We opted to go with a local car rental company called Avance, and they have been my favorite car rental in all of Europe thus far. We ended up booking for the wrong airport, and I freaked out, but they totally helped us.

They were super chill, greeted us with water after fully inspecting the car, they took photos with their Ipad, which I thought was super helpful.

We opted to get the full insurance coverage which costs $12 a day, instead of paying an expensive deposit. Be aware of that when booking. 

You can also look for other car rentals on Expedia or, as sometimes you can save with packages. I have also used the company Sixt, and I like them. Check out Afytos Greece Blog Post.

road trip Northern Greece

Is driving in Greece like in the US?

Driving in Greece differs from driving in the United States in several ways. Greece follows the right-hand driving system, and road conditions, signage, and traffic rules may vary. 

Greek drivers tend to be more aggressive, and traffic congestion is common in cities. Familiarizing yourself with the local driving culture and road rules is crucial to navigating the Greek roadways safely.

There are many winding roads and it can be scary driving up the mountains as we did. So drive carefully and watch the signs.

Is it easy to self-drive in Greece?

Self-driving in Greece can be a convenient and enjoyable way to explore the country. However, it’s essential to be prepared for narrow roads, varying road conditions, and different driving habits.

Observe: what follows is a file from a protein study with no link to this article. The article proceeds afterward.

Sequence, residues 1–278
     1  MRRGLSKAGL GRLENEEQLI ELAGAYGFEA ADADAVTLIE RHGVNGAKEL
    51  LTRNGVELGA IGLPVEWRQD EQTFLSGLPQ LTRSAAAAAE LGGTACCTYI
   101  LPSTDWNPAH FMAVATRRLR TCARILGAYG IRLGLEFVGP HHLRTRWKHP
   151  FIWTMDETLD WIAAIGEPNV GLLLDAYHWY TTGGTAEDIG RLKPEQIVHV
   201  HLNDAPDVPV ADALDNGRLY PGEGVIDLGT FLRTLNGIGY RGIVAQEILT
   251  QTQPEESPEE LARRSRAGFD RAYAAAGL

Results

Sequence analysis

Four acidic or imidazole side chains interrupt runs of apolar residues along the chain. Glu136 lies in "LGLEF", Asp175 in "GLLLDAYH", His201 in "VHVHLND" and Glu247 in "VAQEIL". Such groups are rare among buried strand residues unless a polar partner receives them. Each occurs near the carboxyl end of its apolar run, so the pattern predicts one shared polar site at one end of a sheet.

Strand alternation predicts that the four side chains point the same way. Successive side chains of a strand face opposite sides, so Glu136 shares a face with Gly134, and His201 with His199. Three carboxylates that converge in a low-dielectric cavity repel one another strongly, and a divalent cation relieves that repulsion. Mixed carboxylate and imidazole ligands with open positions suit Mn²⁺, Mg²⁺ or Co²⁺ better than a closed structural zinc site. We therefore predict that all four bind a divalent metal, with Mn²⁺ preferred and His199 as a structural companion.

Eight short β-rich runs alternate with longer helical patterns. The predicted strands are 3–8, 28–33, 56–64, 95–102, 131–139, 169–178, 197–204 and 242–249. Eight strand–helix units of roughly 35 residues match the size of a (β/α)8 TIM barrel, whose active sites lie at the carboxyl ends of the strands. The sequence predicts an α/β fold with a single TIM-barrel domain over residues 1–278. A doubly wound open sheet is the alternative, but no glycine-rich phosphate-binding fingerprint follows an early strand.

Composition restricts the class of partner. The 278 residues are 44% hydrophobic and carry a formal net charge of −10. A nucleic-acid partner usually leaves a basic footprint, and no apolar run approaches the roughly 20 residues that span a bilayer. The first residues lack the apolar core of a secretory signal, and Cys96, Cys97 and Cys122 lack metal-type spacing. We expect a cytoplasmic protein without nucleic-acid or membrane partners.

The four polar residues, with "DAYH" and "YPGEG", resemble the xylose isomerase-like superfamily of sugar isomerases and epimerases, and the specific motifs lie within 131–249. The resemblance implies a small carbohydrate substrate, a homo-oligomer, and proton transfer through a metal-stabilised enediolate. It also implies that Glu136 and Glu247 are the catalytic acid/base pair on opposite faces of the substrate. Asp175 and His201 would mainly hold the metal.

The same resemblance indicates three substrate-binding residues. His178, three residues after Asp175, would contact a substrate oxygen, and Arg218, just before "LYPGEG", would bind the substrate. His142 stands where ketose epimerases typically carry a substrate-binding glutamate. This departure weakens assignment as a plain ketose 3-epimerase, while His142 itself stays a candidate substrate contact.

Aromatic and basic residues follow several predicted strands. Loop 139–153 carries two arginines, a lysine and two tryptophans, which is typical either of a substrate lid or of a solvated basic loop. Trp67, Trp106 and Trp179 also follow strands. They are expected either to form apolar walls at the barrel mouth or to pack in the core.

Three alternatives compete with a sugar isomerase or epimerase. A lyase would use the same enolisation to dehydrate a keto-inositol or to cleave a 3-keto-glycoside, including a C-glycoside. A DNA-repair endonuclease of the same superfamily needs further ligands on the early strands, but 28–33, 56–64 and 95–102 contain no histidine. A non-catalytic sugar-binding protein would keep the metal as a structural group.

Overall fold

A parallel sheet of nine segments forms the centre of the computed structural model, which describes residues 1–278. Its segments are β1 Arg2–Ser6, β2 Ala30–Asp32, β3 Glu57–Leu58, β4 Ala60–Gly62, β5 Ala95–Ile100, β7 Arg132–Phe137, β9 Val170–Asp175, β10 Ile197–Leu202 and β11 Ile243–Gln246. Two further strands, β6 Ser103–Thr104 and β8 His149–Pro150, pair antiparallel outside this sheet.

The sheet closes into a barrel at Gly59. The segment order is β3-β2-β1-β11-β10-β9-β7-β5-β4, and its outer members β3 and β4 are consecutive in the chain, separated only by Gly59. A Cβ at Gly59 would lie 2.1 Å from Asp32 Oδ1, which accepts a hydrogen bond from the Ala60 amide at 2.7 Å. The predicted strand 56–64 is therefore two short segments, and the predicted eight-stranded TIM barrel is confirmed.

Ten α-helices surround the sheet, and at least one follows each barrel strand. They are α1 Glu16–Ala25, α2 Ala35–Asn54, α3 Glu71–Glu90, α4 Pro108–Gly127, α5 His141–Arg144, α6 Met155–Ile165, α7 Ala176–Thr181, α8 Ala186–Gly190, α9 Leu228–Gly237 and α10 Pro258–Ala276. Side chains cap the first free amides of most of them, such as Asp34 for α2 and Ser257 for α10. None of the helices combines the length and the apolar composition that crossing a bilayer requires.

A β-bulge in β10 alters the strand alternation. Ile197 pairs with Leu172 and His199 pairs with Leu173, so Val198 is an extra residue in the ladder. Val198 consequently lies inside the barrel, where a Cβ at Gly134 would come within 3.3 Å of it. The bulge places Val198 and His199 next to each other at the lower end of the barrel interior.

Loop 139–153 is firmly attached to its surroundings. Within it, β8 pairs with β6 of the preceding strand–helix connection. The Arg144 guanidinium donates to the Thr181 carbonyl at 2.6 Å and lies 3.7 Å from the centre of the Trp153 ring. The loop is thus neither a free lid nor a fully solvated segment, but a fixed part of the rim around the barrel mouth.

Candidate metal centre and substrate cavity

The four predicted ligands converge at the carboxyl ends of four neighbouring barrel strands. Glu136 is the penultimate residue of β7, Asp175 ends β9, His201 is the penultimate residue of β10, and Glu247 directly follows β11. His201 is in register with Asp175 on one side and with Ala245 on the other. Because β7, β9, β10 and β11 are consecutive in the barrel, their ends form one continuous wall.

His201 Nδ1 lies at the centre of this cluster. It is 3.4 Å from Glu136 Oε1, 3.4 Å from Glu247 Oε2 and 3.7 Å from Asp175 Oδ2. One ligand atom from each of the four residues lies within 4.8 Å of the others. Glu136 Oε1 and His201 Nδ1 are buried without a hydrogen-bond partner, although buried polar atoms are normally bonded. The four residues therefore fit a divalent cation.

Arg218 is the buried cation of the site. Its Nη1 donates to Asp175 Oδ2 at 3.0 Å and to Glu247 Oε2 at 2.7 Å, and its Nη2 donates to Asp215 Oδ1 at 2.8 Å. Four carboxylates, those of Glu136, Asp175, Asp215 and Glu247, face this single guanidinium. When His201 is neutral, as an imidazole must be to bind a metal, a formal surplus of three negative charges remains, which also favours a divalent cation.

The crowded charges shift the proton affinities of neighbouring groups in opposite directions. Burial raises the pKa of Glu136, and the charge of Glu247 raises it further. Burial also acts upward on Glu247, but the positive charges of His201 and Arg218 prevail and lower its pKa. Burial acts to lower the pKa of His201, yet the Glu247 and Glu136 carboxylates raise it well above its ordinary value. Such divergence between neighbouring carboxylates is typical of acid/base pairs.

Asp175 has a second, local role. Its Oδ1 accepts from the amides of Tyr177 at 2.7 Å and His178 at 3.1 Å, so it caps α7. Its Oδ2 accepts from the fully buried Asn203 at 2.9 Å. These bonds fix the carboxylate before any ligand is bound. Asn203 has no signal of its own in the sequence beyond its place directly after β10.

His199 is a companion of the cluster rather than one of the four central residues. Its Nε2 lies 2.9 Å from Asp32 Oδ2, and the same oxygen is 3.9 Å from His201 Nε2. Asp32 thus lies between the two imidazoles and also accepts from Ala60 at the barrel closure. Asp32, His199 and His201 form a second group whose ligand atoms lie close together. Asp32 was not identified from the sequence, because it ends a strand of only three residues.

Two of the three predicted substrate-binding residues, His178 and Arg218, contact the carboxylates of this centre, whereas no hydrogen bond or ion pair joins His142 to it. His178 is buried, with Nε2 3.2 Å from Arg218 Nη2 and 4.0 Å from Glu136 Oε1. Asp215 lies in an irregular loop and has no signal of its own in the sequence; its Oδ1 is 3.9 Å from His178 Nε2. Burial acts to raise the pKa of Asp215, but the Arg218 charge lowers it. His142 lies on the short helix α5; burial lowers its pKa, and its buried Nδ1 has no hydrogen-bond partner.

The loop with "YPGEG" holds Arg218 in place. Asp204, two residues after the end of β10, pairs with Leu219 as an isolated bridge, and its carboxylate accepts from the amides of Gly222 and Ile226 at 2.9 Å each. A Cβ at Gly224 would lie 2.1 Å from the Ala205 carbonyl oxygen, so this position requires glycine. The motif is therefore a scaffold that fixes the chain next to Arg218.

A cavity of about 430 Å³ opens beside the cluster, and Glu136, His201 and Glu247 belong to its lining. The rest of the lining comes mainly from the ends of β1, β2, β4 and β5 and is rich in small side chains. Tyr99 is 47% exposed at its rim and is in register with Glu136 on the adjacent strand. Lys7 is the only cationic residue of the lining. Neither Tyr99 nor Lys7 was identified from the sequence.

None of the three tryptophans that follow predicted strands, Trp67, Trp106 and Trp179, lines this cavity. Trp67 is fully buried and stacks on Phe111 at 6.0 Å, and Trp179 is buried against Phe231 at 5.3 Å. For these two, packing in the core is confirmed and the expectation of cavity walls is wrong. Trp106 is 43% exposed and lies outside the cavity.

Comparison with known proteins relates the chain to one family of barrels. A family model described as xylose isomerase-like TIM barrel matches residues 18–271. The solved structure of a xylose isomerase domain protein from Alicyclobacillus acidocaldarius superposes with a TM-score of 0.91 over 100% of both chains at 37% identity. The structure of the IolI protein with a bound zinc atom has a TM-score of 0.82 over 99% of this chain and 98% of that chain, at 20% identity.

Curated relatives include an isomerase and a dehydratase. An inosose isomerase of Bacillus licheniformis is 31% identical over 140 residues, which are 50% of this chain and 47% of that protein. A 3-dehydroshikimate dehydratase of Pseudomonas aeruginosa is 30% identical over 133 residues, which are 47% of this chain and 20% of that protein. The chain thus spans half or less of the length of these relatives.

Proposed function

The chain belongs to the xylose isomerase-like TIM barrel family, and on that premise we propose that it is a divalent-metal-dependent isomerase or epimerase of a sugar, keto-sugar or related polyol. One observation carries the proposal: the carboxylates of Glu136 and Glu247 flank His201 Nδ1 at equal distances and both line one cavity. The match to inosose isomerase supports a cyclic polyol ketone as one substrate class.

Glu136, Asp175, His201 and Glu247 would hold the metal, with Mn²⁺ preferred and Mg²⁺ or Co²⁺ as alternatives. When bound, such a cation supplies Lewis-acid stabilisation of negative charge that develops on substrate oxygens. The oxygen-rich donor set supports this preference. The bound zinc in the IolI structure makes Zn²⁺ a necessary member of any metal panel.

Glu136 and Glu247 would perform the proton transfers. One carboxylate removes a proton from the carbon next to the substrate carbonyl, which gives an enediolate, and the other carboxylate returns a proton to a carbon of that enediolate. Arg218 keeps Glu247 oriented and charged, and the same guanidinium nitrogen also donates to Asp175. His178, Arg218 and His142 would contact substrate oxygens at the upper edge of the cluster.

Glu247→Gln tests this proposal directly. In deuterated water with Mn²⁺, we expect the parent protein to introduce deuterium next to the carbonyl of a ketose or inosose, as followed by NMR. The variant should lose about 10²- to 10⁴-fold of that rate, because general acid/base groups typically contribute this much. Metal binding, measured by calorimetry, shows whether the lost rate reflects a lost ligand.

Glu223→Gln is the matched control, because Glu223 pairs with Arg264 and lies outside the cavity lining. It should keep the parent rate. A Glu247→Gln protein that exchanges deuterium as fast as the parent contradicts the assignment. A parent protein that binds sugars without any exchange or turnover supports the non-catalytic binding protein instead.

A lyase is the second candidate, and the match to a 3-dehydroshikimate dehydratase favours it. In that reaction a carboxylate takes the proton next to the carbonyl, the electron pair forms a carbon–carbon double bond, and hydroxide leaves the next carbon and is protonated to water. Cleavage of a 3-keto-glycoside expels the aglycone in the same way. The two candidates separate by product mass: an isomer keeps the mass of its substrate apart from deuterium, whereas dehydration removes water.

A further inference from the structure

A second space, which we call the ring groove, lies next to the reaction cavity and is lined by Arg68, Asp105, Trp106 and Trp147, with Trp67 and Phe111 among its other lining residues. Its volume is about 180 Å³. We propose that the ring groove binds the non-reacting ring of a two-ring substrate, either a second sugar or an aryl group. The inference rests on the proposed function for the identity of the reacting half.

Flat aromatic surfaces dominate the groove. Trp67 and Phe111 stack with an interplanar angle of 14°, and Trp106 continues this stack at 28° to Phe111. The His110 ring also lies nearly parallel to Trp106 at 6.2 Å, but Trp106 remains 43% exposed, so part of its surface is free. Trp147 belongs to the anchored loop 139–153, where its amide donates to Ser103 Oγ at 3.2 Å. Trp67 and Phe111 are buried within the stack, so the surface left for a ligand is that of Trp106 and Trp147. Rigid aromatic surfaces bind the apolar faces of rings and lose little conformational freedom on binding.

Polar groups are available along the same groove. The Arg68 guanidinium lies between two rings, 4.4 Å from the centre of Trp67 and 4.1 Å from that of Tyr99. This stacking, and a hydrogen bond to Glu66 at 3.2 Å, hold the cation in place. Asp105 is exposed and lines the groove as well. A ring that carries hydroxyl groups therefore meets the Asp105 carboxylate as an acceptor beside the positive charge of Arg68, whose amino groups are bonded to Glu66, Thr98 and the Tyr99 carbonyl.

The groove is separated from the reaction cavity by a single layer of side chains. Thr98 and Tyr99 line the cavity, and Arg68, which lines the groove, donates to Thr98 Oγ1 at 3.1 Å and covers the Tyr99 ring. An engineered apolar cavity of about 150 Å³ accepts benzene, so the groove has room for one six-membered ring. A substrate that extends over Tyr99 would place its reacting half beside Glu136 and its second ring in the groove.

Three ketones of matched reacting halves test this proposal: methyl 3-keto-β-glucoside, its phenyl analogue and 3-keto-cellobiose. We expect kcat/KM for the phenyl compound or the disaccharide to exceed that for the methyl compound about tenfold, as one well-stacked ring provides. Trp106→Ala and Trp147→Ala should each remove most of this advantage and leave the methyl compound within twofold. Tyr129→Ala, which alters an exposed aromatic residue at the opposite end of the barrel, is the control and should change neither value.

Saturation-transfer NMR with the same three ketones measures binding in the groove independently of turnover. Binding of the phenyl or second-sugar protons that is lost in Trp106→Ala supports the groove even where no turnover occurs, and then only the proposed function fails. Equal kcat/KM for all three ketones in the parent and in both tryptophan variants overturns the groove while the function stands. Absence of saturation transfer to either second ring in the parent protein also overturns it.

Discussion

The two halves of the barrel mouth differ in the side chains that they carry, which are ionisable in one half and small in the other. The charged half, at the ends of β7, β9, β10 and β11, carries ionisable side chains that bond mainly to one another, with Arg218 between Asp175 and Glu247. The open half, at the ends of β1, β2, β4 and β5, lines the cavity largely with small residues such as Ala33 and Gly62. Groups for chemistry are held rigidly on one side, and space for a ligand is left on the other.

Some things to consider:

  • Make sure you check if there is parking at your hotels or ask where to park
  • Also, check where to park in the destinations you plan to visit
  • The signs are in Greek, which makes it difficult at times, so use the GPS system that will give you the most step-by-step directions in your language
  • There will be tools depending on where you go, but you can pay with a card 
  • Prioritize defensive driving, stay alert, and familiarize yourself with local traffic regulations 
road block in driving in Halkidiki Greece

Which side of the road do you drive on in Greece?

Driving in Greece, like in many other European countries, follows the right-hand side of the road. Correspondingly, the driver’s seat is positioned on the left side of the vehicle.

Can you turn right on red in Greece?

No, in Greece, you cannot turn right on red unless there is a sign indicating otherwise. You must wait for a green light before making a right turn.